10. In order to cook a turkey, the temperature of the meat thermometer needs to reach 180 degrees.  Depending on your stove, size of bird, etc. this cooking can take 5 hours or, like mine, take 8 hours.  Cooking a turkey is a project so just make sure you leave enough time for the bird to cook!

this is why we throw out the rubber gloves

Overall, the “Friendsgiving” was a phenomenal success and all guests left intoxicated and with full bellies!

– Lauren

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This post will be a short one. My go-to pasta salad is, admittedly, not an original production. I was compelled to back-engineer it after having a similar dish during a catered lunch in 2009 that was held in honor of someone who I didn’t know who was retiring from a position at an organization that gave me an internship that I had just started. Run-on sentence? Maybe. However, the original salad was so incredibly delicious that after eating two servings, I found myself hoarding an entire plate of it in my cubicle after the party, feverishly dissecting and analyzing the ingredient list so that I could somehow possess its power.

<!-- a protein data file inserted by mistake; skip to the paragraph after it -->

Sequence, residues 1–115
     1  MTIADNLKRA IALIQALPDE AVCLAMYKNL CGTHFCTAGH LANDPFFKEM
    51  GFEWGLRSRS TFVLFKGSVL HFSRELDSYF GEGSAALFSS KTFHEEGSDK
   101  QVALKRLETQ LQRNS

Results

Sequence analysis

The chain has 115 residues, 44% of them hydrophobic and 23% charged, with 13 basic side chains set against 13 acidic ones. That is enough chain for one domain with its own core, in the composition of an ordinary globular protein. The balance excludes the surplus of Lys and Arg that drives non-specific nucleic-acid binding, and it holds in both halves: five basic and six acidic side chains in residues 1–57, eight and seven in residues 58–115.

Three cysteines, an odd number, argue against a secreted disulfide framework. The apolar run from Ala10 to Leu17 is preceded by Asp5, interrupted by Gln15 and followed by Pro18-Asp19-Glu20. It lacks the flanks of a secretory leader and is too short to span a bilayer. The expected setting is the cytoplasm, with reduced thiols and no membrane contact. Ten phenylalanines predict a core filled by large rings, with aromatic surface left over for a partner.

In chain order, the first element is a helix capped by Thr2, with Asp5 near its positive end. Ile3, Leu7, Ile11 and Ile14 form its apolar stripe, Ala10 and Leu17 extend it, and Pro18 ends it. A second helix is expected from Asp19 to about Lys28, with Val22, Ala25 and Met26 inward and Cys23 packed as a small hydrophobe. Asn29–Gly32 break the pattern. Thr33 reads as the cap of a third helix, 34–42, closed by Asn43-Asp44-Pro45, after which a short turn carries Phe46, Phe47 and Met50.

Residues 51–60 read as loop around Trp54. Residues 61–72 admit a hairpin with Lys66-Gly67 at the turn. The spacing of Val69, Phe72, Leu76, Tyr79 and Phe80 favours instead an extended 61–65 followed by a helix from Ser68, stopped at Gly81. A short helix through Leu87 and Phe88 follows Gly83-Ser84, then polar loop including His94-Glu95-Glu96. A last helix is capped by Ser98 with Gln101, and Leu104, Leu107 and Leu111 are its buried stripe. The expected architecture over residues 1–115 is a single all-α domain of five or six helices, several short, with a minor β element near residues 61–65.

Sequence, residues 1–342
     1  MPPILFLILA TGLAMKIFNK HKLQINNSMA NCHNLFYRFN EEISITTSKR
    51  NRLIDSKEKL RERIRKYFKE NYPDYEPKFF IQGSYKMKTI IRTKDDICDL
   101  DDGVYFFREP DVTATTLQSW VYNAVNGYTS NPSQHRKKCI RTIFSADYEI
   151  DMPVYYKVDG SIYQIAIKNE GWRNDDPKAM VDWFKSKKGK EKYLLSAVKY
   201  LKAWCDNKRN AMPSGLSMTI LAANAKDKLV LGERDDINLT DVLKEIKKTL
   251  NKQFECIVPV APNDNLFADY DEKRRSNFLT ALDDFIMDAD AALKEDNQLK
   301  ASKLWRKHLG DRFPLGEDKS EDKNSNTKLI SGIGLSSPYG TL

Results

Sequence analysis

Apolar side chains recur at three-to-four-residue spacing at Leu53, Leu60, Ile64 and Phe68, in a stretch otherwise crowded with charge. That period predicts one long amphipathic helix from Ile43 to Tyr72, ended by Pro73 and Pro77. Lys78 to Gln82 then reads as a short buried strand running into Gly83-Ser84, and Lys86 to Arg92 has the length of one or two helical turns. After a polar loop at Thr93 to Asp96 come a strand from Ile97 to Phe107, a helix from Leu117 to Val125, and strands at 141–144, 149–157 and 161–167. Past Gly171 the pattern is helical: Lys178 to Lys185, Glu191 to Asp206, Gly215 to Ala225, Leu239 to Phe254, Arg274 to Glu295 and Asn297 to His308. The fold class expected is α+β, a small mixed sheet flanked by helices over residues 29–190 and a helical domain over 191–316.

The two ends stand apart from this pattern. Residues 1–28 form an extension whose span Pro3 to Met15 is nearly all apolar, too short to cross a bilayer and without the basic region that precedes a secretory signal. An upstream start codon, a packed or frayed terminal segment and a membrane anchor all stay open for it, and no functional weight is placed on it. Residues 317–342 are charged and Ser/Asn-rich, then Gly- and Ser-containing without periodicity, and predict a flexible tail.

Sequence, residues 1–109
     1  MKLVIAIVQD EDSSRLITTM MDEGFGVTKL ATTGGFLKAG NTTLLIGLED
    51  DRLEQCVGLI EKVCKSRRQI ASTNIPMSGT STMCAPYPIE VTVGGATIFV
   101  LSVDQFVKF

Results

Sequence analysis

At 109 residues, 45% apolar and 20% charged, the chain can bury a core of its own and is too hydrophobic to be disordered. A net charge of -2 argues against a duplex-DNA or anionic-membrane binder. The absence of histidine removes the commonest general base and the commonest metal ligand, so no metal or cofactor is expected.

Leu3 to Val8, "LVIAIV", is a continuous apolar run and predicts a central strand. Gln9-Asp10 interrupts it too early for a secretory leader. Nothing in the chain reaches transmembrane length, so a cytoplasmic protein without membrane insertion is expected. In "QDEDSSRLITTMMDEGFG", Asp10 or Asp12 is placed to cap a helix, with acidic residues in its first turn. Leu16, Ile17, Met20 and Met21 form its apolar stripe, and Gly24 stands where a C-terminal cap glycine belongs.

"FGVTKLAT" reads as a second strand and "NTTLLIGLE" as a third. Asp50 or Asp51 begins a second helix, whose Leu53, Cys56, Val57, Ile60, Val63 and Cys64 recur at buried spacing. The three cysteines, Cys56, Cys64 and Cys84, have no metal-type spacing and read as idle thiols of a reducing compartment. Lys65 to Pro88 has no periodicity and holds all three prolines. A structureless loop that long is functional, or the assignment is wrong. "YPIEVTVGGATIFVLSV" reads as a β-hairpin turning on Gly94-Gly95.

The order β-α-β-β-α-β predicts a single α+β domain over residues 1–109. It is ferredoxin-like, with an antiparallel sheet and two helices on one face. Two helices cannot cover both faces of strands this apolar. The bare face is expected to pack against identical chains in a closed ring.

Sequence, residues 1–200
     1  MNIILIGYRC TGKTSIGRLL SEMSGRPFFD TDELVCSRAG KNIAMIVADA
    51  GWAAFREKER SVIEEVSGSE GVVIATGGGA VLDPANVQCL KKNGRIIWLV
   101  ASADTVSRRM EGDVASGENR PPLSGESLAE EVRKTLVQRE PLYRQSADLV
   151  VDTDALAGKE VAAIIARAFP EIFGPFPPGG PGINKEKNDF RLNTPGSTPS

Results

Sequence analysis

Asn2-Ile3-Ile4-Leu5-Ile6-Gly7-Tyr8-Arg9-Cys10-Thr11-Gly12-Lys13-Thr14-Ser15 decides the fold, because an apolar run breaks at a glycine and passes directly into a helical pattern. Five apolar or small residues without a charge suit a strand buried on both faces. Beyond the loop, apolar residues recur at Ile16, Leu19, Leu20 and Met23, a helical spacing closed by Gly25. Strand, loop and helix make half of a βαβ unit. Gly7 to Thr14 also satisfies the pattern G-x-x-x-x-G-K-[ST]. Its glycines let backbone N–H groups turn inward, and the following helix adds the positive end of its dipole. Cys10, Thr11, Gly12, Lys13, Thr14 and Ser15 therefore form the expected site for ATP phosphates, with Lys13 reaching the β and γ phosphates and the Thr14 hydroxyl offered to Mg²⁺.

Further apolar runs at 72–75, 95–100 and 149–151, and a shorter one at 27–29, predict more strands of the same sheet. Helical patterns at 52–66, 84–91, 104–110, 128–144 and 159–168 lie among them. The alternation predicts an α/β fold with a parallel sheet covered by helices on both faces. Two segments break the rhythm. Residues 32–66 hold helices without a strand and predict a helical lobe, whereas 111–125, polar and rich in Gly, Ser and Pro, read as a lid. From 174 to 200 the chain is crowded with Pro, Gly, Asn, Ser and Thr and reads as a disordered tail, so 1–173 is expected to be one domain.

However, after only three variations, I managed to essentially piece the original dish together. The ingredient list is deceptively small, the actual preparation is very easy, and this salad is honestly the easiest go-to recipe I have. So easy, I didn’t even take any pictures. It doesn’t really need any pictures, outside of the finished product. Just follow the directions. You won’t be disappointed, I promise.

Ingredients

  • 1 pound of orzo
  • 2 – 3 carrots, peeled
  • 1 large apple (firm and tart, granny smith never goes wrong)
  • Handful of curly parsley (DO NOT substitute with flat-leaf parsley in this case)
  • 2/3 cup (approx.) of cashews, either whole or pieces
  • 1/2 cup (approx.) of dried cranberries
  • 2 – 3 tablespoons of butter
  • 1 – 2 tablespoons of olive oil
  • Kosher salt

Procedure

  1. Boil orzo in a large pot of salted water. Because the pasta is so small, it should only take about 5 minutes or so.
  2. Mix the butter and olive oil with the cooked orzo well. Allow the pasta to cool while you prepare the remaining ingredients.
  3. Grate the peeled carrots with a medium-sized grater (larger than what you would use for your parmesan, but the actual size isn’t terribly important).
  4. Dice the apple into relatively small pieces, but like the carrots, size is approximate.
  5. Finely mince the parsley, small as you can make it. Curly parsley will essentially fall apart after you mince it enough, which is important, because you want small pieces! Flat-leaf parsley just gets all sticky and gross.